I was well taken care of in Ensenada by Ruth and her family. They cooked for me or bought me dinner, and only made fun of my Spanish once in a while.

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Ensenada is a pleasant place, if a little rough around the edges. The first two days it was overcast so I didn't do much. But the last day, yesterday, before I took the bus I did a little bit of wandering.

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That night Ruth's mom made mole, and we had one last dinner together. Then Ruth and her sister took me to the bus station to get my ticket, then I went back to her house, packed, and rode to the station to get the bus at 8 pm.

I had to push my bike through the station for some reason (I could just as easily have walked around the station building). An older man, who spoke excellent English, and his son helped me push my bike up the stairs. Everyone was very friendly, and when the bus arrived I got everything loaded no problem.

I feel good about my decision. I think it might be nice to visit the central desert of Baja on its own, but I just don't think I'm the desert solitude kind of guy. It didn't look that much different going by my bus window from the deserts of Arizona and California.

Sta. Rosalia was nothing special. I packed up my bike and rode through the tiny town, but didn't find anything to hold my interest (I came back later to find the real town is up in the hills, and worth a visit, though it doesn't have much of tourist interest other than a prefab church built by Eiffel). I found a campsite early in the day, south about 10 miles from SR. There are two sites right next to each other separated by a flimsy fence. I wandered through one: a small city of RVs, the beachside already claimed by snow birds. I decided to try the other where there was a single RV. The owner of the RV came out, thinking I was looking for another cyclist who had come in the night before. He was a nice guy, the beach front was open, and it was just a bit cheaper, so I decided to stay.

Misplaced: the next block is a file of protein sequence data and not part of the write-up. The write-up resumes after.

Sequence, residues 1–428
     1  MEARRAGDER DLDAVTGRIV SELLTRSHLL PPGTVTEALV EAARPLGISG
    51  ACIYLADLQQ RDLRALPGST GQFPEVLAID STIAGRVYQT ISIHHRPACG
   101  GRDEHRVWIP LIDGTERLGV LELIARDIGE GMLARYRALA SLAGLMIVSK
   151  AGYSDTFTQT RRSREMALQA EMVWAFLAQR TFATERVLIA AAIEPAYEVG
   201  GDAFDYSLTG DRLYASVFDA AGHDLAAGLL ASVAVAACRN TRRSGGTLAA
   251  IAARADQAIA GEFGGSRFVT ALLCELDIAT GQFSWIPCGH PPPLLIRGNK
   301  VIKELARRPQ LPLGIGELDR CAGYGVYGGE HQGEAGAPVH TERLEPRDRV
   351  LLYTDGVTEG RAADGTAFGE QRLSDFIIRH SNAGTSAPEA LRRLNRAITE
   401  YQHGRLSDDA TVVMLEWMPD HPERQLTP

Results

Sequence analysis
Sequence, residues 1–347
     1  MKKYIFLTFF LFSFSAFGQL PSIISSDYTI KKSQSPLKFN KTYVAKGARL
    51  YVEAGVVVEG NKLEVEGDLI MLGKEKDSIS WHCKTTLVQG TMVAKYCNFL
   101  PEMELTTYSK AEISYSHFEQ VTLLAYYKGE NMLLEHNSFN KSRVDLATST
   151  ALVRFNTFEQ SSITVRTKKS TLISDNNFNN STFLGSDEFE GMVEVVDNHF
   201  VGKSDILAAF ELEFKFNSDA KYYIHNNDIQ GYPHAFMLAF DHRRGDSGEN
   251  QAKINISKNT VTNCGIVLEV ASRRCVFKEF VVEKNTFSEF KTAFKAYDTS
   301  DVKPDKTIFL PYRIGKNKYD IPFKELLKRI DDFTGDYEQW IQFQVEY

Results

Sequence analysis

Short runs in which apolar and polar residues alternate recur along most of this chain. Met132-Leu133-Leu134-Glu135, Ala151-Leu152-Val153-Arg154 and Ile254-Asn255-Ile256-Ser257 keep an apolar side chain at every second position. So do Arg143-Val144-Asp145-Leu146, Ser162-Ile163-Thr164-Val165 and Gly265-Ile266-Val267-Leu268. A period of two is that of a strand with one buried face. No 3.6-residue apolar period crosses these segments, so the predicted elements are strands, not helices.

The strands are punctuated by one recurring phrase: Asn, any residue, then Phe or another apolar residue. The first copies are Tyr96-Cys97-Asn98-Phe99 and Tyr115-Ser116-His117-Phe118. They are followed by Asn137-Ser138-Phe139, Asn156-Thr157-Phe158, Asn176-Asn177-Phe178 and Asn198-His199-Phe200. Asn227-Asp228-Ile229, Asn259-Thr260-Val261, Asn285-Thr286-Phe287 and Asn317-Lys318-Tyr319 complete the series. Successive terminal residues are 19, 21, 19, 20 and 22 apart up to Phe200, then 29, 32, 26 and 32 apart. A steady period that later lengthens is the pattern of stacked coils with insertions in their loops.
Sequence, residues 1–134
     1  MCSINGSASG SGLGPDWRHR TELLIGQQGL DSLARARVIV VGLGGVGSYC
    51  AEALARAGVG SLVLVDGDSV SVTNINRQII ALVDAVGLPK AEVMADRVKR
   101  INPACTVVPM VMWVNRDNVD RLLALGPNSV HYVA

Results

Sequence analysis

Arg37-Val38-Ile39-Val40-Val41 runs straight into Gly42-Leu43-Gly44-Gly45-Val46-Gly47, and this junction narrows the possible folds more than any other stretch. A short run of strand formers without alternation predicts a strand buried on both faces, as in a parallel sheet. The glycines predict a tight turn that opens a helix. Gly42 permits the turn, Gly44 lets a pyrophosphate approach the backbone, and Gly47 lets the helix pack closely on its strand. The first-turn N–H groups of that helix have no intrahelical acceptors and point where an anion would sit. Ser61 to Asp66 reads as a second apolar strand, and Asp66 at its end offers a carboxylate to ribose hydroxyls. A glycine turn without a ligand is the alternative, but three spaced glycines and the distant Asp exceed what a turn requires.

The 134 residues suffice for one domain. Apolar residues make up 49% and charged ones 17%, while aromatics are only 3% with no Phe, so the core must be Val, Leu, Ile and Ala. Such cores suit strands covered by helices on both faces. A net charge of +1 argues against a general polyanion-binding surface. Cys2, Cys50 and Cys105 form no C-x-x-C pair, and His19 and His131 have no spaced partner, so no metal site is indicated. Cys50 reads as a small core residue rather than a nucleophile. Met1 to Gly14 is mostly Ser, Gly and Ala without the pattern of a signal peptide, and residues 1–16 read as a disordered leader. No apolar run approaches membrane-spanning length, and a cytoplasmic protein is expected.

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It was early in the day, maybe 11, so I just sat and thought. Royce, the guy next door, was nice enough to bring me over a lawn chair, so I sat in that and thought. Later, Royce's wife Sue came and chatted me up. She's from north of London and has become a real benefactor to the tiny village next door to the campgrounds.

I went to the village and picked up some food for lunch and some beer, and when I got back I set up to relax some more. I'd had a little anxiety coming in to SR, but sitting in the sun watching birds dive and dive again, everything became basic.

Later the cyclist Royce had seen earlier wandered into our side of the fence. He had been left behind by a "friend" who intended to get to Cabo San Lucas in 13 days. We agreed that was an unfun schedule.

Morgan had been a Mormon missionary in Buenos Aires, which was pretty fascinating. He wasn't religious before and isn't religious now, so it's a curiosity why he decided to do that. But he filed me in on some interesting facts about Mormon undergarments.

He had been left without a tent but had friends of the family in the neighboring campground. We might end up riding together to Mulegé, where I plan to spend a good deal of time.

Morgan left, and soon after Royce showed up, returning from a card game with the locals. He and Sue invited me over for dinner in their RV.

We had a really good time. Sue made a tasty mix of beans, rice and tomatoes, and we had some wine with dinner. I haven't drank for a while and got a good amount of beer in me, and they were drinking gimlets and each had a shot of tequila. They told me the local lore and gave me advice about Mulegé.

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I saw, for the first time I think, the moon rise. It was just edging away from the full and was still quite majestic above the lagoon, floating in a long, glowing stream on the water.

I'm staying another day, then will make my way down to Mulegé.